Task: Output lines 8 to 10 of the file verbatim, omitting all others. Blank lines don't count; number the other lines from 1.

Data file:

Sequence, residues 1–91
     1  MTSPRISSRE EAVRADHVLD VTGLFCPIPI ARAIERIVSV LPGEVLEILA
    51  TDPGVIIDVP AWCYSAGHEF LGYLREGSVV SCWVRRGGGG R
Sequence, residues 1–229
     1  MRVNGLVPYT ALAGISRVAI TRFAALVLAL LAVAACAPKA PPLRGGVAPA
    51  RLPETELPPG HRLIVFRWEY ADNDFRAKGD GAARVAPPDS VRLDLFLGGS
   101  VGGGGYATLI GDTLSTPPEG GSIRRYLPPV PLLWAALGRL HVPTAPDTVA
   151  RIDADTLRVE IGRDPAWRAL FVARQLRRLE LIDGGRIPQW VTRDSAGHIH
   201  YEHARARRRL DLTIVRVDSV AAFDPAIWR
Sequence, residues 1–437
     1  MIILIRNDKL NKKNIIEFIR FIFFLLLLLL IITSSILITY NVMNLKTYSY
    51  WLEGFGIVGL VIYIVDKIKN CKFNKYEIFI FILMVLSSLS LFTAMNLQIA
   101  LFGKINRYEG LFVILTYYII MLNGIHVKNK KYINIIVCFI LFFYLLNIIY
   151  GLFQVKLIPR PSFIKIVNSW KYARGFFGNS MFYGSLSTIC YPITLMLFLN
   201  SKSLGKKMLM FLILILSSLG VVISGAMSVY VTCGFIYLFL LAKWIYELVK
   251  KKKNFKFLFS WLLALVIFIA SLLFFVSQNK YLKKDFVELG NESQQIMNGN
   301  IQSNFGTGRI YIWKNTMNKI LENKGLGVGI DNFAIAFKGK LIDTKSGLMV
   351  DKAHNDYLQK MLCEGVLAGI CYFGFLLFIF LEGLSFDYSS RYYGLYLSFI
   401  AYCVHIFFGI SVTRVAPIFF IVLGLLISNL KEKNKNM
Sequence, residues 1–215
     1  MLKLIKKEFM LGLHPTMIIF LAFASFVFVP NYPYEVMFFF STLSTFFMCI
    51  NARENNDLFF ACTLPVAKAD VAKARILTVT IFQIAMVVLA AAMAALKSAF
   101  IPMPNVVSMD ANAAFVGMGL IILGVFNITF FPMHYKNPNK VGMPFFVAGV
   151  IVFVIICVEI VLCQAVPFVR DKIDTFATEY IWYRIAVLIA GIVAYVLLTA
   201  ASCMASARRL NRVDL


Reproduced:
   151  RIDADTLRVE IGRDPAWRAL FVARQLRRLE LIDGGRIPQW VTRDSAGHIH
   201  YEHARARRRL DLTIVRVDSV AAFDPAIWR
Sequence, residues 1–437